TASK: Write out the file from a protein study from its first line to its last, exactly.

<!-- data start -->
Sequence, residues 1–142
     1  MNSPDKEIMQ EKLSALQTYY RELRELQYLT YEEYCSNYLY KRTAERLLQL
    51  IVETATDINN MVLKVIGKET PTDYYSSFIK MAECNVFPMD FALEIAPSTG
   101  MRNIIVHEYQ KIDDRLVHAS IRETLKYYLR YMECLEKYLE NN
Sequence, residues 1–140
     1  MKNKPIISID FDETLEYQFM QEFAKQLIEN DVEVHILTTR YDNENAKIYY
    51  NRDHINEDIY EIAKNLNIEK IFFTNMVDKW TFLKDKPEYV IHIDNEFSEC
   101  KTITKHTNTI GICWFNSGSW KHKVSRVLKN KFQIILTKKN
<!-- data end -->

Sequence, residues 1–142
     1  MNSPDKEIMQ EKLSALQTYY RELRELQYLT YEEYCSNYLY KRTAERLLQL
    51  IVETATDINN MVLKVIGKET PTDYYSSFIK MAECNVFPMD FALEIAPSTG
   101  MRNIIVHEYQ KIDDRLVHAS IRETLKYYLR YMECLEKYLE NN
Sequence, residues 1–140
     1  MKNKPIISID FDETLEYQFM QEFAKQLIEN DVEVHILTTR YDNENAKIYY
    51  NRDHINEDIY EIAKNLNIEK IFFTNMVDKW TFLKDKPEYV IHIDNEFSEC
   101  KTITKHTNTI GICWFNSGSW KHKVSRVLKN KFQIILTKKN